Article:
Jun 28 , 2016
by Amelia E. Hoard, RN
Common Name: Cassia
Synonyms: Chinese cinnamon, false cinnamon, cassia cinnamon, cassia lignea, C. aromaticum, Laurus cassia
Latin Binomial: Cinnamomum cassia
Production Method: steam distilled leaves and twigs
Countries of Origin: Native to southeastern China
Typical Constituents: [E]-Cinnamaldehyde (73.2-89.4%), [Z]-Cinnamaldehyde (0.8%-12.3%), [E]-Cinnamyl acetate, Benzaldehyde (0.4-2.3%), 2-Phenylethyl acetate (0.4-2.3%), a-Terpineol (tr-2.0%), Coumarin (tr-1.9%), Salicylaldehyde (0.04-1.8%), Borneol (tr-1.3%), Benzyl benzonate tr-1.0%), Cinnamyl alcohol (0-0.04%)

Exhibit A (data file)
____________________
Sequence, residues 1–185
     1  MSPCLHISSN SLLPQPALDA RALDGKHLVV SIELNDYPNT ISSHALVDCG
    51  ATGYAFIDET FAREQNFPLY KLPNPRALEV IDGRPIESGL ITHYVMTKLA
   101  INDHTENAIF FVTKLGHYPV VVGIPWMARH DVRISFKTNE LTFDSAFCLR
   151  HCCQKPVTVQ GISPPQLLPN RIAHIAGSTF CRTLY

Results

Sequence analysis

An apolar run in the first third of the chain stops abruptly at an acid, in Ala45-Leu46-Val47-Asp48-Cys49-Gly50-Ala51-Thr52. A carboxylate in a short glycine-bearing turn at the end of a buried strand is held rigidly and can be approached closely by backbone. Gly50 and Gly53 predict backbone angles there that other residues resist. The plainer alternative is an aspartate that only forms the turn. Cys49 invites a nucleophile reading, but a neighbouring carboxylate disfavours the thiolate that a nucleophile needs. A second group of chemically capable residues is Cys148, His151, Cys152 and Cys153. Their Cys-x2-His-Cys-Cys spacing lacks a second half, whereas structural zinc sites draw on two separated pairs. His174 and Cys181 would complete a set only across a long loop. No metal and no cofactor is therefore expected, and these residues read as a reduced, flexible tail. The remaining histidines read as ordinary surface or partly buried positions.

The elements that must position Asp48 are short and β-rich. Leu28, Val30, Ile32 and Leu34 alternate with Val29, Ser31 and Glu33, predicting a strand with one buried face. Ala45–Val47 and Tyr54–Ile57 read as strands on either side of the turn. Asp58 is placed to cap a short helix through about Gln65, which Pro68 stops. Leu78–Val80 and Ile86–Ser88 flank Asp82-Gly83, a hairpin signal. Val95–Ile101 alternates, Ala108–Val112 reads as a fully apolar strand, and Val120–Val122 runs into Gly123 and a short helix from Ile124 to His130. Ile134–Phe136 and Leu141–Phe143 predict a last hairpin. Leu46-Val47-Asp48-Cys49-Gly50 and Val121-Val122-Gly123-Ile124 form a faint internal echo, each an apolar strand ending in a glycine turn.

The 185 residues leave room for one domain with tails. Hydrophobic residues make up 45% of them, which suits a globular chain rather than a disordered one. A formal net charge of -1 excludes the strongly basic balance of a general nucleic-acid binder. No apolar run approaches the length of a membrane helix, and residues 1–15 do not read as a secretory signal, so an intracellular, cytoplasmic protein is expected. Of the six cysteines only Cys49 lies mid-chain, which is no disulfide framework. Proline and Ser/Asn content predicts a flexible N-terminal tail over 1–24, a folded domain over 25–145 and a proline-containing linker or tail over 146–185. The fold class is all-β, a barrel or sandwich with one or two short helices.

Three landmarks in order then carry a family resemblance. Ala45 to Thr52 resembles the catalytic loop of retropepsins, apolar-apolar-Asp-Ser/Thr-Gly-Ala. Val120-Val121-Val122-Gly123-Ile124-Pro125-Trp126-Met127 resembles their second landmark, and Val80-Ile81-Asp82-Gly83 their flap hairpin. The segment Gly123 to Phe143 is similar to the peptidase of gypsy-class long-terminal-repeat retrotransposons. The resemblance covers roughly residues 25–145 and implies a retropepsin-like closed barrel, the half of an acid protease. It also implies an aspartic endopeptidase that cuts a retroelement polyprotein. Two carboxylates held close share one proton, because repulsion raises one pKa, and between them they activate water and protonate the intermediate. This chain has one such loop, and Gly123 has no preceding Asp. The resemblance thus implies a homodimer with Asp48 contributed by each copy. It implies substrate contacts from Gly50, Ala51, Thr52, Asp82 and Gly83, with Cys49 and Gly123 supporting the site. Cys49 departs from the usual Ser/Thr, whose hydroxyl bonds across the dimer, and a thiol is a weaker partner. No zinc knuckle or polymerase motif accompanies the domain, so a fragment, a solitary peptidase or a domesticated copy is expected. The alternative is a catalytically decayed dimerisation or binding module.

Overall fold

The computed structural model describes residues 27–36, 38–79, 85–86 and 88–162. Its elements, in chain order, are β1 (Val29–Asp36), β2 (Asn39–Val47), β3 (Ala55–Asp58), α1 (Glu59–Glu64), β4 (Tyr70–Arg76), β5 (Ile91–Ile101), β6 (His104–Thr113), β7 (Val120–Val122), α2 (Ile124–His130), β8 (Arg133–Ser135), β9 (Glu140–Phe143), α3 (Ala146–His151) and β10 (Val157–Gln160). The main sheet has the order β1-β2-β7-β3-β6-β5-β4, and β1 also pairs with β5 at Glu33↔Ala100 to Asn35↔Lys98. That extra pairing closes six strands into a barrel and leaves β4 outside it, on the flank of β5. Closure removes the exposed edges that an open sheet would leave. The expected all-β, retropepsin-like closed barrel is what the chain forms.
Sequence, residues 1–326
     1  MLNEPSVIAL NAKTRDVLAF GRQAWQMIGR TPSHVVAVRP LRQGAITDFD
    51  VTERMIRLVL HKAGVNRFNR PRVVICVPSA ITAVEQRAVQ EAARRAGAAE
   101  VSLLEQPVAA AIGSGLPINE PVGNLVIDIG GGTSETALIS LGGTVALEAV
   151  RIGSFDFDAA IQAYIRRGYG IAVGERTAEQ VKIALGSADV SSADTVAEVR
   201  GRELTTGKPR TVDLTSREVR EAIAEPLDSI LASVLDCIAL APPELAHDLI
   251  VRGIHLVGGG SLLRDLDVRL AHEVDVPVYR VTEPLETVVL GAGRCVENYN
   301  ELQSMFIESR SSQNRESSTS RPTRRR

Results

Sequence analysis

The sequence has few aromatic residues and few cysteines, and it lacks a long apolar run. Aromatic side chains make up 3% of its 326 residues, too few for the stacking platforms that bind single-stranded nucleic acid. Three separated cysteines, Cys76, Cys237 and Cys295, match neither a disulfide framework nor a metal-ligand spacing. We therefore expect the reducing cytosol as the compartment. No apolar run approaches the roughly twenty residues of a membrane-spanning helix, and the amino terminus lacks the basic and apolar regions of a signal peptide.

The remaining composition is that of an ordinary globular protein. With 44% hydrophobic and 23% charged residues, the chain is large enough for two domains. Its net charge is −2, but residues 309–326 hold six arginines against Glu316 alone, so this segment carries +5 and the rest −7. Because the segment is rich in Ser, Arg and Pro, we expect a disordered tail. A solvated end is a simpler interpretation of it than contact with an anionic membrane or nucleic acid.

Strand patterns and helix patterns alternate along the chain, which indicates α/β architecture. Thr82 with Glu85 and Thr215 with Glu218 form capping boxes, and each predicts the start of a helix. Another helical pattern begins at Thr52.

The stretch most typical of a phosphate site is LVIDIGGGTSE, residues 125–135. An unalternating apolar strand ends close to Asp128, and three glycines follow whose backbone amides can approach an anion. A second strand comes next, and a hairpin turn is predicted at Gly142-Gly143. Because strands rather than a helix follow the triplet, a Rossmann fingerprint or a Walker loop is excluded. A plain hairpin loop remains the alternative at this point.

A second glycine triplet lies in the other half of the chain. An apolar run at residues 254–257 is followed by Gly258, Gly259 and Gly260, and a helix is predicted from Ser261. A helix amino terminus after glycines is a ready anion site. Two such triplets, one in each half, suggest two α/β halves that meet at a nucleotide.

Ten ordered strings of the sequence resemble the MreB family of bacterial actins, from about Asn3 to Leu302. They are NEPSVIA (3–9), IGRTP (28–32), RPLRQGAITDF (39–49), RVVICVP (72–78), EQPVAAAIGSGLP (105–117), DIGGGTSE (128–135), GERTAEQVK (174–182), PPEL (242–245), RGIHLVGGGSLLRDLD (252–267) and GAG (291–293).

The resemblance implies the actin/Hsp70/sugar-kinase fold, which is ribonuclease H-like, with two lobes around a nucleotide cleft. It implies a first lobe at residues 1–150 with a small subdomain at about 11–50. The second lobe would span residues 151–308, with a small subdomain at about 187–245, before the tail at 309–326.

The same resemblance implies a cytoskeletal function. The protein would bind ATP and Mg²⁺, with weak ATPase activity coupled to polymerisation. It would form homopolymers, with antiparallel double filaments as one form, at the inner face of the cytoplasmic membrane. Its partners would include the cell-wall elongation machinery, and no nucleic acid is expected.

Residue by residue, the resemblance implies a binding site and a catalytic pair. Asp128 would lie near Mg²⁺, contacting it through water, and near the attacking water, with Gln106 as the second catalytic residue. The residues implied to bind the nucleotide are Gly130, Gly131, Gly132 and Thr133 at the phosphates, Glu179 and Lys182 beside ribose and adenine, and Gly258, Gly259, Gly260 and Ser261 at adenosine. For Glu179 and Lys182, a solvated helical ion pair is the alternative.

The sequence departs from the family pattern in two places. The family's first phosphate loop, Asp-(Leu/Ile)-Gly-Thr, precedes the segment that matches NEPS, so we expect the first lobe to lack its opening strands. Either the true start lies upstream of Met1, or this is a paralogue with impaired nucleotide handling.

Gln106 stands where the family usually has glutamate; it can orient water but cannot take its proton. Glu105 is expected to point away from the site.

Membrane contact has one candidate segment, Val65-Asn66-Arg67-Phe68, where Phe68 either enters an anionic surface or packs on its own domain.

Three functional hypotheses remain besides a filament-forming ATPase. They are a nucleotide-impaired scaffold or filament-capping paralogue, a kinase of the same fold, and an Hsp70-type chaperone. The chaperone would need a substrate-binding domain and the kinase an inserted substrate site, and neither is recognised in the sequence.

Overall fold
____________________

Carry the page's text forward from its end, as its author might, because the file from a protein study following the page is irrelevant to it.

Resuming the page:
Description of Oil: A dark brown liquid with a strong, spicy, warm aroma.
Description of Plant: A slender evergreen up to 20 meters high with leathery leaves and small white flowers.
History, Folklore and Myth: Cassia has an extensive history as a domestic and medicinal spice mainly for digestive issues.
Properties and Uses: antidiarrheal, anti-emetic, anti-microbial, astringent, carminative, spasmolitic
Precautions and Contraindications: Dermal sensitizer and irritant.
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Lawless, Julia. The Illustrated Encyclopedia of Essential Oils. Shaftesbury, Dorset. Element Books. 1995.
Tisserand, Robert, and Tony Balacs. Essential Oil Safety: A Guide for Health Care Professionals. Edinburgh: Churchill Livingstone. 1995.